|Modified Bitumen: SBS Modified, 3-Ply||20 – 30 Years||20 Years|
|PVC Membrane: 60-mil Fully-Adhered||25 – 35 Years||20 Years|
|PVC Membrane: 80-mil Fully-Adhered||30 – 40 Years||25 Years|
|PVC Membrane: 60-mil Mechanically-Attached||20 – 30 Years||15 Years|
|PVC Membrane: 80-mil Mechanically-Attached||25 – 35 Years||20 Years|
|Roll Roofing, Asphalt||5 – 15 Years||NA|
|Slate Roofing: Hard Slate (S-1 Grade)||100 – 200 Years||100 Years|
|Slate Roofing: Soft Slate (S-2 Grade)||50 – 100 Years||40 Years|
|Spray Polyurethane Foam||20 – 30 Years||20 Years|
|Synthetic (Composite, Plastic)
Shingles, Slates, or Tiles
|40 – 60 Years||40 Years|
|Thatch||30 – 45 Years||NA|
|TPO Membrane: 60-mil Fully-Adhered||20 – 30 Years||20 Years|
|TPO Membrane: 80-mil Fully-Adhered||25 – 35 Years||25 Years|
|TPO Membrane: 60-mil Mechanically-Attached||15 – 25 Years||15 Years|
|TPO Membrane: 80-mil Mechanically-Attached||20 – 30 Years||20 Years|
|Wood Shakes, Western Red Cedar||30 – 50 Years||25 Years|
|Wood Shingles, Western Red Cedar||25 – 40 Years||20 Years|
Factors That Determine Roof Lifespan
There are many factors that go into predicting the length of the useful service life of a roof.
The type of roofing material selected for the roof will set a general limit on the roof’s life expectancy. Some materials simply last longer than others, and all materials have their own design life expectancy. The quality of the materials and the reliability of the manufacturer is also very important when it comes to actually reaching that design life expectancy.
Workmanship, or the quality of the installation, plays a huge part in the life expectancy of a roof system. Roofs that are installed improperly have been known to fail immediately after installation. Seam failure, massive leaking, catastrophic wind blow-off, etc. Even if the workmanship is slightly subpar, the lifespan of the roof will very likely be shorter than it should be as needless problems develop over the life of the roof.
The local environment that the roof will have to endure is also a big piece of it. Roofing materials in coastal regions, with high levels of corrosive environmental salt, tend to deteriorate faster, for instance.
Many types of roof don’t perform well in deserts, with the continual barrage of UV rays. (Asphalt and EPDM rubber should both be expected to last on the low end of the predicted range in a place like El Paso, Texas. Asphalt in general and EPDM flashing material are both highly vulnerable to sunlight.)
The use of proper fasteners and other accessories is crucial to long-term roof performance.
An all-too-common reason for the premature failure of tile roofs, for instance, is the use of low-quality fasteners and battens, which fail long before the tiles themselves would have.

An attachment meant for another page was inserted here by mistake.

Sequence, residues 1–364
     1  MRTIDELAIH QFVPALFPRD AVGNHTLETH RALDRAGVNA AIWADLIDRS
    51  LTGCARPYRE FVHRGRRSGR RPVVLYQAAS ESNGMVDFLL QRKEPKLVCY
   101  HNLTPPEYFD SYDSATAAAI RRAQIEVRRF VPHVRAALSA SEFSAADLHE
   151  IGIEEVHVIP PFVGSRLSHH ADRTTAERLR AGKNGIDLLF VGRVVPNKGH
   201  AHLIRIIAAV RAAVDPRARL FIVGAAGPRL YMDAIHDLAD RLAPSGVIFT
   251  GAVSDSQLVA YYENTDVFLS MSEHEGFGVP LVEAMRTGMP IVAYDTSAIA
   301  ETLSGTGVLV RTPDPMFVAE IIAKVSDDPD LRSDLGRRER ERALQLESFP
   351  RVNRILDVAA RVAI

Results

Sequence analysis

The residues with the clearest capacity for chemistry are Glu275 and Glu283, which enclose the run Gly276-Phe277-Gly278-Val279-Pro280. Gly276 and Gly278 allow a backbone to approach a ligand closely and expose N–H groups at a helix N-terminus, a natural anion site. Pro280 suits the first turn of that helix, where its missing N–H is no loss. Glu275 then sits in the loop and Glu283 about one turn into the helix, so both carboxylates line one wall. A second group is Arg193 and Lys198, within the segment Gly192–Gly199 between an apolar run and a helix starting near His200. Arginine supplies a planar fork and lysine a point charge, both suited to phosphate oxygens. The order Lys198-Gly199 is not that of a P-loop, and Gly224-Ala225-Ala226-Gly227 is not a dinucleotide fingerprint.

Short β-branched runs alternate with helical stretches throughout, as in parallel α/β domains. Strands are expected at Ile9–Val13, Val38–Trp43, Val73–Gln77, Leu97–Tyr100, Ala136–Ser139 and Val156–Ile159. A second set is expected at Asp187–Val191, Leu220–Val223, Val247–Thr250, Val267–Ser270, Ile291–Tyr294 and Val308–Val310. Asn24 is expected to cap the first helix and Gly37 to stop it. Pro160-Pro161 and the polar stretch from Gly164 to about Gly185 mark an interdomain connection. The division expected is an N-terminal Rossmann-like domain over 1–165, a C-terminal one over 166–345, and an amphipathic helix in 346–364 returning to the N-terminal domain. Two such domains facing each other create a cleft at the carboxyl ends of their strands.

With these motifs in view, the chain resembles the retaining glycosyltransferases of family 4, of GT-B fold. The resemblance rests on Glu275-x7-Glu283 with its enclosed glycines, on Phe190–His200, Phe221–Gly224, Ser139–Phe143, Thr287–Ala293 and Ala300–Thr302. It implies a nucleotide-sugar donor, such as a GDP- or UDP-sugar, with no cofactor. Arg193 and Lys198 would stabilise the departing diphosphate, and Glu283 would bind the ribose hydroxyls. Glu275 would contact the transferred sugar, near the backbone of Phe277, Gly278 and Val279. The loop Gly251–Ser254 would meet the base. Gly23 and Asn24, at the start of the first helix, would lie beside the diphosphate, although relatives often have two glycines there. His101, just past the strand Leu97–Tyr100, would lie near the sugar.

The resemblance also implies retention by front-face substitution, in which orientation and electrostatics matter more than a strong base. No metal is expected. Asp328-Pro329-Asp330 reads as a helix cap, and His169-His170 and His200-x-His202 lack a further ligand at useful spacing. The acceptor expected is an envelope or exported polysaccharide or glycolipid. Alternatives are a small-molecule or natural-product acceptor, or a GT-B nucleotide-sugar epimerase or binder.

Another significant factor, for flat roofs in particular, is the quality of the roof’s maintenance program. If a commercial flat roof has a rigorous maintenance program that includes full inspections twice a year and addresses maintenance issues as soon as they arise, it can last up to 30% longer than the design life of the system.
All other things being equal, though, it’s the thickness of the material that most affects the expected lifespan of a roof. As a rule of thumb, the thicker the shingle, the panel, the membrane, or the tile, the longer the roof will last.
Length of Roofing Warranties
The warranty periods given in the table are for typical manufacturer’s material warranties. A material warranty only covers the performance of the roofing material itself (basically, it just covers factory defects, which are very rare these days).
The initial workmanship of the roof installation and the performance of other parts of the roof assembly, including the roof deck and any other components not produced by that manufacturer, will not be covered by the manufacturer’s warranty.
Those things will be covered by the roofing contractor’s workmanship guarantee if they are covered at all.
Contractor’s workmanship guarantees last for a much shorter period of time, usually 1 – 5 years.
Most roofing manufacturers have recently changed their warranties to “limited lifetime” warranties, especially for high-end asphalt shingles.
If you read the fine print, however, you’ll see that the coverage becomes “prorated” after 5 – 20 years. This means that the manufacturer starts to guarantee less than the full replacement value of the roofing material at that point, and progressively less and less as time goes by.
About the Author
Jack Gray is a principal roof consultant and vice president at the Moriarty Corporation, an award-winning building enclosure consultant firm founded in 1967. He is also the editor of the Roof Online website.
Mr. Gray has over 25 years of experience in the roofing industry, with training and practical experience in roof safety, roof inspection, roof condition assessment, estimating, roof design & specification, roof installation, quality assurance, roof maintenance & repair, and roof asset management.
He was awarded the Registered Roof Observer (RRO) professional credential in 2009.
He also served as an infantry paratrooper in the 82nd Airborne Division and attended Cornell University. Read full bio.